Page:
Carmel River, California

Project Submission by: The California Fish Passage Forum

The Carmel River Reroute and San Clemente Dam Project is the largest dam removal project ever to occur in California ($83 million) and one of the largest to occur on the West Coast. It involved removal of a 106-foot high antiquated dam and implemented a watershed restoration process. The project is intended to:

• Provide a long-term solution to the public safety risk posed by the potential collapse of the outdated San Clemente Dam in the event of a large flood or earthquake, which would have threatened 1,500 homes and other public buildings.

• Provide unimpeded access to over 25 miles of essential spawning and rearing habitat, thereby aiding in the recovery of threatened South-Central California Coast steelhead.

• Restore the river’s natural sediment flow, helping to replenish sand on Carmel Beach and improve habitat downstream of the dam for steelhead.

• Reduce beach erosion that contributes to destabilization of homes, roads, and infrastructure.

• Re-establish a healthy connection between the lower Carmel River and the watershed above San Clemente Dam.

• Improve habitat for threatened California red-legged frogs.

Human Interest/Community Benefit:

The San Clemente Dam Removal and Carmel River Reroute Project represents one of the best opportunities for river restoration on California’s Central Coast. Permanently removing the dam eliminated the public safety risk posed by San Clemente Dam, which was declared seismically unsafe by the State of California and threatened 1,500 homes and other buildings. The removal of the dam will also aid in the recovery of South-Central California Coast steelhead, a threatened species, by providing unimpaired access to over 25 miles of spawning and rearing habitat. The National Marine Fisheries Service has determined restoration of the Carmel River steelhead population is critical to the recovery of the species, in part because it serves as an “anchor” providing occasional dispersal of fish to nearby smaller coastal populations which would not persist otherwise. Additional benefits of the project include: restoring the natural sediment regime, reducing channel incision and reducing beach erosion that now contributes to destabilization of homes, roads and infrastructure; improving habitat for threatened California Red-Legged Frogs; and expanding public recreation opportunities in the region by preserving over 900 acres of watershed lands, resulting in over 5,400 acres of contiguous park land.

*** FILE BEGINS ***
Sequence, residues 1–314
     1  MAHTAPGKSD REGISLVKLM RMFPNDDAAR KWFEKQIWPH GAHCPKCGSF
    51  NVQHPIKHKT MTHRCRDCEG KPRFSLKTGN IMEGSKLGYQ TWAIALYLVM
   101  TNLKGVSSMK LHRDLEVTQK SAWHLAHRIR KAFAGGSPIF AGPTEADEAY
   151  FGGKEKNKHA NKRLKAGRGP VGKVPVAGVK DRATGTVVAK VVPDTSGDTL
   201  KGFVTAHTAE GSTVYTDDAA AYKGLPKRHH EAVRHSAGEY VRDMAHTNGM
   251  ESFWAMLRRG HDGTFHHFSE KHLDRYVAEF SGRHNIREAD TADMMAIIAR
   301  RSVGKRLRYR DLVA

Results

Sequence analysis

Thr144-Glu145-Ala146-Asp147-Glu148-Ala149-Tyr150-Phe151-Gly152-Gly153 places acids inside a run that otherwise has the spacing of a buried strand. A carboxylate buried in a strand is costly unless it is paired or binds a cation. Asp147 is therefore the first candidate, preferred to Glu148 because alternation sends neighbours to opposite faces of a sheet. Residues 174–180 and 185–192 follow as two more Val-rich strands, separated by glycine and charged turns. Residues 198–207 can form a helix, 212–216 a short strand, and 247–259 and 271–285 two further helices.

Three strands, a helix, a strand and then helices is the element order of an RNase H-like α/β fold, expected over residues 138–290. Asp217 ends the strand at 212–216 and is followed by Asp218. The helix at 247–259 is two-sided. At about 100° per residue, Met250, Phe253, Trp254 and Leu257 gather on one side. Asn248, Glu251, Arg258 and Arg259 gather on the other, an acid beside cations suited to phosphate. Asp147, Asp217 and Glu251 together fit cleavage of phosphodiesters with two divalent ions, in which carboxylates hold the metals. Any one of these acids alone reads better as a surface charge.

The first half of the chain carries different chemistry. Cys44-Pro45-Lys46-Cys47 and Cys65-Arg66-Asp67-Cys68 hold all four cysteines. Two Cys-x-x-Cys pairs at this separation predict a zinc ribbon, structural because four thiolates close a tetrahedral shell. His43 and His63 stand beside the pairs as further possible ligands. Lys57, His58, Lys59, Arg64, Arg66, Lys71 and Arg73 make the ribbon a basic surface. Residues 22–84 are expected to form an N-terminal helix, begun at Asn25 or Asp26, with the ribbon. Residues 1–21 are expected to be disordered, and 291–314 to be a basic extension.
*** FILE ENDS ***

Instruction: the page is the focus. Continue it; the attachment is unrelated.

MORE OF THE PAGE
Project Timeline:

The San Clemente Dam was removed during the summer of 2015 after two years of construction work to reroute the river, relocate the reservoir sediments, and prepare the site. Remaining work on the site includes habitat restoration and removal of a small, obsolete dam downstream of the project site.


  • California American Water
  • California Department of Fish & Wildlife
  • California Natural Resources Agency
  • California Wildlife Conservation Board
  • California State Coastal Conservancy
  • National Marine Fisheries Service – NOAA
  • Resources Legacy Fund
  • The Nature Conservancy
  • U.S. Fish & Wildlife Service

Project supporters and participants:

  • U.S. Congressman Sam Farr, U.S. Senator Barbara Boxer
  • California State Assembly member Bill Monning, California State Assembly member Mark Stone
  • Monterey County Board District Supervisor Dave Potter
  • American Rivers
  • California Department of Fish & Wildlife
  • California Natural Resources Agency
  • CalTrout
  • California Wildlife Conservation Board
  • Carmel River Steelhead Association
  • Carmel River Watershed Conservancy
  • Central Coastal Regional Water Quality Control Board
  • Friends of the River
  • Monterey CoastKeeper
  • Monterey County Water Resource Agency
  • Monterey Peninsula Regional Parks District
  • Monterey Peninsula Water Management District
  • National Fish and Wildlife Foundation
  • Planning and Conservation League Foundation
  • Resources Legacy Fund
  • San Clemente Rancho
  • Surfrider Foundation, Monterey Chapter
  • The Nature Conservancy
  • Trout Unlimited
  • Bureau of Land Management
  • Bureau of Reclamation
  • U.S. Fish & Wildlife Service

2016 Waters to Watch